Privacy

Your PC may be safe from tracking, but is your face?

facial recognition tracking subway

Your PC may be safe from tracking, but is your face?

Up until recently you could go out in public in a city you’ve never visited before with the expectation that nobody would know who you are.  Unfortunately, due to facial recognition technology, your ability to be anonymous in crowds may soon be a thing of the past.

Russian photographer Yegor Tsvetkov recently presented a project online he calls “YOUR FACE IS BIG DATA” that showed how he was able to easily find out the name and details of random people sitting across from him on the subway. Below is one example photo from his project.

On the left is a random person Yegor photographed on the subway and on the right was the social media account photo Yegor found from a facial recognition database.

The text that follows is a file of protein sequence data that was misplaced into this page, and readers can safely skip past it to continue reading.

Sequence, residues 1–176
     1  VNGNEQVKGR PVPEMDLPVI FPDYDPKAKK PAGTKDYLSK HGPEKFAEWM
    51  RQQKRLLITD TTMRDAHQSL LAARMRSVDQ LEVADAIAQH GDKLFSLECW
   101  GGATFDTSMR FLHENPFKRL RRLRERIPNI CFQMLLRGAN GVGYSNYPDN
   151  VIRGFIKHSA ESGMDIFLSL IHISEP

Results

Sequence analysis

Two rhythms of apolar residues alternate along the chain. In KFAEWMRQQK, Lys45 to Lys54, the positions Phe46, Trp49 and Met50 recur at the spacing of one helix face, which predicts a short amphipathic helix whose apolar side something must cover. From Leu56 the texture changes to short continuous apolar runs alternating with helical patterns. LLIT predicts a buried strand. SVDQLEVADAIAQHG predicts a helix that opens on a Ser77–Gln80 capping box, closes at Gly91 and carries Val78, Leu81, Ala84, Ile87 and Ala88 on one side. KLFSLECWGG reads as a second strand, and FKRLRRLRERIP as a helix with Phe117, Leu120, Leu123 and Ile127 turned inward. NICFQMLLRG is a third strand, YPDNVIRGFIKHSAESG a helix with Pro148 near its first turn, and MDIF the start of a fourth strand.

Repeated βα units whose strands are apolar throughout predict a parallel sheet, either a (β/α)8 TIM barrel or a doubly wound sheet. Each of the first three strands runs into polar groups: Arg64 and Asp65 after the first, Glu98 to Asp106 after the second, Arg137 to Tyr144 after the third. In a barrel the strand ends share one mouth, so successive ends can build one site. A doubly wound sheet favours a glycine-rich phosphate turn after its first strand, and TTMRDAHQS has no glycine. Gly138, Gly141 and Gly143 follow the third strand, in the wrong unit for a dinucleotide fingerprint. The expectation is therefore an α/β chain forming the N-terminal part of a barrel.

Yegor used facial recognition technology from a Russian search company called N-Tech.Lab to find intimate details about people sitting near him on the subway just by taking a photo of their face with his mobile phone.  The N-Tech.Lab search could match the faces of most people Yegor photographed by using their public social media account details.

Unfortunately GlassWire can’t do much to protect your face from being put in a massive facial recognition database, but there are some things you can do on your own to help protect your privacy.

First set all your social media accounts to private.  Lifehacker has a great guide to help you manage your Facebook privacy while Tom’s Guide has a Twitter privacy guide.  Don’t forget about your Linkedin privacy settings.

Other things you can do is reach out to your government representatives and ask that there be rules put on facial recognition technology.  The EU has already taken action in the past against Facebook and US states Texas and Illinois already have laws in place.

Also, always think twice before posting photos/names of friends, family, and children online.  They may not want their photo associated with their name so it’s permanently part of a future massive facial recognition database.

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